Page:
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Celestial poetry

Akimenko – Strauss – Mahler

01 – 02 Feb 2024

Ukranian composer and pianist (born in Kharkiv) Theodore Akimenko belongs to that post-romantic generation too brutally overshadowed by the more radical figures of modernity. Yet the work of this pupil of Rimsky-Korsakov and teacher of Stravinsky is well worth rediscovering. A unique alchemy blends the subdued reminiscences of the Russian colourism he would pass on to his pupil, a nostalgic Middle-European languor that brings him closer to Zemlinsky, and the orchestral magic of the French Impressionists, without leaving the slightest impression of a haphazard mix: as the nocturnal poem Ange from 1924 testifies, a true musical personality is at work.

At the end of the Second World War - which he weathered with a mixture of naiveté and opportunism - Richard Strauss is in himself an anachronism. In 1884, at the age of 20, he had become the most famous and modern of German composers with his symphonic poems. In 1945, at the age of 80, what does he have left? A few months or years at most. And yet, at the turn of an old German Romantic poem that sings of the end of the journey at twilight, inspiration is reborn, miraculous and fresh, eternally young.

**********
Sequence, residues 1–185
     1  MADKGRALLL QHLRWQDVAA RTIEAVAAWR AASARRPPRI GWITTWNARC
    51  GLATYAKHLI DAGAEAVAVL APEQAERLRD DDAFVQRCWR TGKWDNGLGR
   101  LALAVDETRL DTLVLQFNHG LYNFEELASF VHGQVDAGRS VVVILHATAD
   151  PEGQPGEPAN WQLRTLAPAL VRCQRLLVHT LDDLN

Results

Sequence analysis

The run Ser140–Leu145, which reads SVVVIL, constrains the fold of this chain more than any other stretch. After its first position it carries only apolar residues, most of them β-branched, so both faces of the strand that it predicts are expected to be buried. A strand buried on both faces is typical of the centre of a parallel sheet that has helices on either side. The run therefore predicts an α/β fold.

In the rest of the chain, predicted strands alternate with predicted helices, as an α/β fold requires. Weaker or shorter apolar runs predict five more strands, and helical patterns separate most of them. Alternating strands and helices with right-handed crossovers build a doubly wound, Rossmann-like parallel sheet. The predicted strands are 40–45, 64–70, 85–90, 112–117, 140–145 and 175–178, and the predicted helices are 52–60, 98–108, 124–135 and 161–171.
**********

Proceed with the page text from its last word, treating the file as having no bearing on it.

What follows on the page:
Seemingly the composer's most appealing and accessible work, Gustav Mahler's Fourth Symphony is nonetheless elusive in many ways. At times deceptively naive and sincerely candid, at other moments grating and innocent, full of innuendo and yet literal, looking to the past as well as the future - it was completed at the junction of two centuries - it never ceases to show us its Janus-like face. The work is presented here in a brand-new critical edition based on corrections made by Mahler himself during his last New York concert in February 1911. 


  • Thu. 01 February 2024
    Salle Poirel
  • Fri. 02 February 2024
    Salle Poirel


€ 5 - 38


Opéra national de Lorraine Orchestra

Marta Gardolińska


Hélène Carpentier

Théodore Akimenko

Ange, nocturnal poem

Richard Strauss

Vier letzte Lieder

Gustav Mahler

Symphony No. 4 in G major (1911 version)

See also

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